As I sit in the back of a safari Jeep, my heart flutters as we inch closer to the majestic giants of Africa—the elephants.
These elephants are a special group of elephants in the reserve called “Thula Thula.” The true story of Lawrence Anthony in the book The Elephant Whisperer made them famous. I decided to leave my camera at the lodge to be fully present and not get lost trying to take the “perfect picture.”
Nana, the famous matriarch and leader of the herd (who formed an intense bond with Lawrence Anthony), was now in human terms, “retired.” She had begun to lose sight in her eyes and, over the last few years, started to give up her leadership position by passing it down to the next female in line: Frankie.
There are three young male elephants on the reserve who needed mentoring, and two of those are Frankie’s. Madla and Ilanga are their names. In the elephant world, when a male hits puberty, between the ages of 12 and 15, he is generally sent away so he does not reproduce in the family. Other male elephants in the area then come together to form a temporary “bachelor herd” to teach the young elephants the ways of life.
Because Thula Thula lives in a closed reserve, other neighboring elephants cannot find the young males to mentor. To assist with this, the reserve staff decided the best thing to do was bring in an older rescue male from a neighboring safari to teach the three younger male elephants about “manhood.”
What they did not expect was for Frankie and this new elephant bachelor (Gobisa) to fall in love and became inseparable. Frankie’s sons did not like this one bit.
I watched as Gobisa made his way over to the tree where Frankie’s sons were eating. Both Mabula and Ilanga began to trumpet, showing great desire for him to leave. Gobisa tried to stay, despite the intense emotions, but the sons pushed him away. Gobisa retreated and returned to Frankie. It was heartbreaking to watch.
At one point, the youngest son walked over to Frankie and threw his trunk around her neck, leaning into her as if to say, “What do you see in this guy anyway?” My Thula Thula guides, Siyabonga and Promise, say this dynamic is common for them.
I could not believe how these magnificent giants share such similar social structures with us humans. But even more importantly, this species demonstrated the familiar roles we take on in human blended families!
My mother died when I was five years old, and between the ages of five and nine, I felt like a piece of driftwood, shuffling back and forth between my father, my grandparents, and my aunt and uncle’s home. I was depressed, angry, and felt as if I had been abandoned by my mother and by God.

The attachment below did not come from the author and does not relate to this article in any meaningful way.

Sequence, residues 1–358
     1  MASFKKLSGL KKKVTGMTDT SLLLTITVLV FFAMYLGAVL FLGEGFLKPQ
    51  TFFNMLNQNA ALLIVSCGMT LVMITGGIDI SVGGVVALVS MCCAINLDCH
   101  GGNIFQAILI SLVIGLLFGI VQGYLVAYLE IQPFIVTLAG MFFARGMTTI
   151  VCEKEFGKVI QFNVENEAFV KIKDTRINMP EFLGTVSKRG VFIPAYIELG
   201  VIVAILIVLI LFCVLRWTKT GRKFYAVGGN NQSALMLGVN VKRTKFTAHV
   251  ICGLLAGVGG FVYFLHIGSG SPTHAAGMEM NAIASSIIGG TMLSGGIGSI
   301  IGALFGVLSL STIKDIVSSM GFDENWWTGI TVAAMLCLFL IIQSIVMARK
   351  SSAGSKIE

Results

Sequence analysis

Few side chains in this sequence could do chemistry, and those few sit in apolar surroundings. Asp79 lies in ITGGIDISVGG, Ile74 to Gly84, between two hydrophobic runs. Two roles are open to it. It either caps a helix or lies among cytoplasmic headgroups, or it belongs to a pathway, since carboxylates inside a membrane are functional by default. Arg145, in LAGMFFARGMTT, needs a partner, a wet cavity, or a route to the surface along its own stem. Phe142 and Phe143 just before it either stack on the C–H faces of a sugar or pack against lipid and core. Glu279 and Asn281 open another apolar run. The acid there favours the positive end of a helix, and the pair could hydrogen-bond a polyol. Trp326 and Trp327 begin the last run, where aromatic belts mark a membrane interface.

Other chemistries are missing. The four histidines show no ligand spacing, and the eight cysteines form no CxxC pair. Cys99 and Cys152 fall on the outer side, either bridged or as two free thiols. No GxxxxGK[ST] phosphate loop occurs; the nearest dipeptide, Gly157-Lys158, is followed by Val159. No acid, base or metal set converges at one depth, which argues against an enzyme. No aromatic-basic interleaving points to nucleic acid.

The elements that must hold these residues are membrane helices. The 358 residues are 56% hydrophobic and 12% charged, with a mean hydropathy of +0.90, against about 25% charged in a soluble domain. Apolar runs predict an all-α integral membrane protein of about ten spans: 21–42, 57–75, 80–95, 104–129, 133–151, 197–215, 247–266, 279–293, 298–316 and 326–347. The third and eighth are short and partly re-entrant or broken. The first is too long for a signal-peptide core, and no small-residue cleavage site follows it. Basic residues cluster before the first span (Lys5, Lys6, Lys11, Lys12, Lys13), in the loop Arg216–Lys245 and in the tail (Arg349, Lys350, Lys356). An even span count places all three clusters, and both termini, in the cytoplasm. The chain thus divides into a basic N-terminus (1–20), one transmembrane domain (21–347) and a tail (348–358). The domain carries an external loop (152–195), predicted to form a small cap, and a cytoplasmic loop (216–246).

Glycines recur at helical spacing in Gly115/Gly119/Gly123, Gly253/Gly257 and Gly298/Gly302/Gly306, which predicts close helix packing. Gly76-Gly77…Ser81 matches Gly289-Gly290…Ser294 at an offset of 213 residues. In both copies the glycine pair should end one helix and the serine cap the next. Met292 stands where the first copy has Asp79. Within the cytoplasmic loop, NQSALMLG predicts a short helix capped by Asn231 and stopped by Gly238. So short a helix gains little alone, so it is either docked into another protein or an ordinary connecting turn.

No one could understand my pain. My world view quickly turned dark and lonely. At age nine, my father remarried a woman who remains my stepmother today. I was excited about the prospect of a new mother because I believed maybe she would be the answer to my prayers—maybe she would take all of my pain away. But it did not take long for our differing opinions to surface, turning every day into a battle. Unfortunately, when the battle comes in a shared home, both parties lose. This particular relationship left me feeling defeated and hopeless for many years.
Then, 25 years later, I found myself sitting in the back of a safari Jeep watching these elephants depict the uncomfortable and unfortunate family dynamics of a blended family. This time, though, what resonated with me most was the role of the stepfather. Gobsia was trying to have a relationship with these young male elephants, and they wanted nothing to do with him.
I do not think it would have mattered which bachelor elephant the staff brought in. Those two elephant sons were not going to like any new male because he was encroaching on what they believed was their “happy life.” Even if it was good for Frankie and the rest of the herd to have him there, it was their territory, their herd, and their land.
This made me think: Would it have mattered who my father remarried? On some level, I would have never accepted another mother. Seeing the elephant’s situation made me realize the complexities within a blended family so clearly. What takes place between all members of a blended family is a universal problem—even though it feels personal and lonely for those going through it.
For me, the real healing and maturing began when I finally took ownership of my actions. Nelson Mandela says, “It’s a belief. Life is always happening for us, not to us. It’s our job to find out where the benefit is. If we do, life is magnificent.”
As I watched the elephants disappear in the distance, I felt grateful for their gift of insight into my past. And while I am sure my stepmother and I would still have had our differences, letting her come over to “share my tree” every once in a while could have created an opportunity for our hearts to soften.
In the end, we all need each other. We need our herd. We need to be a part of a herd. We have to take responsibility for the role we play in life and within our family. We cannot place blame, and we need to extend a lot more compassion to others by accepting their shortcomings as they so often do for us.
Thank you to the gentle giants who showed me the role I play in other people’s lives.
Author: Heather Kasey
Image: Author’s Own
Editor: Danielle Beutell
Copy Editor: Nicole Cameron
Social Editor: Yoli Rammazina